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How to Cite a URL in MLA

Updated April 17, 2017

When to Include a URL

If the web page might be difficult to find through a search engine, you might want to include a URL in your citation. You should also include a URL if your instructor or editor asks for this information. But don't rely on a URL for your reference -- because websites change, you should always print or save a copy of the page you referenced, according to the Purdue Online Writing Lab.

Works Cited Format

If you decide to include a source's URL, place it at the end of the full citation on the Works Cited page, after the date of access. Use angle brackets to enclose the URL and put a period after the final bracket. For example, your citation for Google would appear as: http://www.google.com. If the URL is long enough to require a line break, break it after a slash.

In-Text Citations

An in-text citation for a website should include only the first item listed in the Works Cited citation, which may be an author name, an article title, a website name or another item. Do not include URLs in in-text citations. In-text citations for websites shouldn't include page or paragraph numbers either, according to the Purdue Online Writing Lab.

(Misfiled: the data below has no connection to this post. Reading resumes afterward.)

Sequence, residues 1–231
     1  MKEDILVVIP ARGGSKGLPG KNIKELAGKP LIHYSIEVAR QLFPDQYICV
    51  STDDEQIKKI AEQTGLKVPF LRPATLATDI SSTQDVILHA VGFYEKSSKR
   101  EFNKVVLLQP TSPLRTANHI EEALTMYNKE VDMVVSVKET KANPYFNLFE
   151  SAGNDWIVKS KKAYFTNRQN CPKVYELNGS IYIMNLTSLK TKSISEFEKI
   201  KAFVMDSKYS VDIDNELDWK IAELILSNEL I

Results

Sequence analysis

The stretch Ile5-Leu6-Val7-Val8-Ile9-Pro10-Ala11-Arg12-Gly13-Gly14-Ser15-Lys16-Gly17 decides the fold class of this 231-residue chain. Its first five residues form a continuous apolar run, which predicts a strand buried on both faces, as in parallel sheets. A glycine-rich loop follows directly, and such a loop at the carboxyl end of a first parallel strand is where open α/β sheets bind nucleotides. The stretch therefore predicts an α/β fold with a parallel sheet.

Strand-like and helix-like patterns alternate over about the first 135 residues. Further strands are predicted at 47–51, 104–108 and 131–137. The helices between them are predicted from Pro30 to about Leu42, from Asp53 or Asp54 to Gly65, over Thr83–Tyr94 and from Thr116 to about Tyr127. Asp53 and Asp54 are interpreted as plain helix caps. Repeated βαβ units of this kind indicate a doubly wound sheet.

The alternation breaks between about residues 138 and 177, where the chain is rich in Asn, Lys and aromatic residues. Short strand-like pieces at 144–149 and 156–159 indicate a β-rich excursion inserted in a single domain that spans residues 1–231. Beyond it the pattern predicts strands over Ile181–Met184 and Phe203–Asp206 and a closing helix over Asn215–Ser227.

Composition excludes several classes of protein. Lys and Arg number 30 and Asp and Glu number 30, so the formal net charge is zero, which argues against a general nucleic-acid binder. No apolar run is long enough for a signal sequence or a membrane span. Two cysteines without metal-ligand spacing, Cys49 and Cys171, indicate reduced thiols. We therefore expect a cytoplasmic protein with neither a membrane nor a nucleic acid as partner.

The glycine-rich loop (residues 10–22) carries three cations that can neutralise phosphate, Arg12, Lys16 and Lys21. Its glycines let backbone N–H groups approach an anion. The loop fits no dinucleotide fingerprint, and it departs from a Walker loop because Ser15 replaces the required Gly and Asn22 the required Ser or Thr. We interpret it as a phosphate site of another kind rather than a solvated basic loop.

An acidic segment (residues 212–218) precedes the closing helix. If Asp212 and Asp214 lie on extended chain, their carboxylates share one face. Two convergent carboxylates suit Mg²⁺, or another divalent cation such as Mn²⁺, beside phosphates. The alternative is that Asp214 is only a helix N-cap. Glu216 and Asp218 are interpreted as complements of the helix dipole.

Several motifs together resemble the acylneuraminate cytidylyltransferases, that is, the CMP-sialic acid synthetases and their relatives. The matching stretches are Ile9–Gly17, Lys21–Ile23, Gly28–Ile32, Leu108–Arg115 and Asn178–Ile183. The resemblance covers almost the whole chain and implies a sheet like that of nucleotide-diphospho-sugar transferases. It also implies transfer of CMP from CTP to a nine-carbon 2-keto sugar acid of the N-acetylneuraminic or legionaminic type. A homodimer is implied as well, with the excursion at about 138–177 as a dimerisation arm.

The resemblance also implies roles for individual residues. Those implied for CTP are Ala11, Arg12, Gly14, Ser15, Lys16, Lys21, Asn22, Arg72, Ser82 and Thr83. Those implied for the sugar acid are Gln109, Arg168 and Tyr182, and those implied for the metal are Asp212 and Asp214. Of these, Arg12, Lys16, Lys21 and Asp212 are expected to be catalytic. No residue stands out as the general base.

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About the Author

Rebekah Richards is a professional writer with work published in the "Atlanta Journal-Constitution," "Brandeis University Law Journal" and online at tolerance.org. She graduated magna cum laude from Brandeis University with bachelor's degrees in creative writing, English/American literature and international studies. Richards earned a master's degree at Carnegie Mellon University.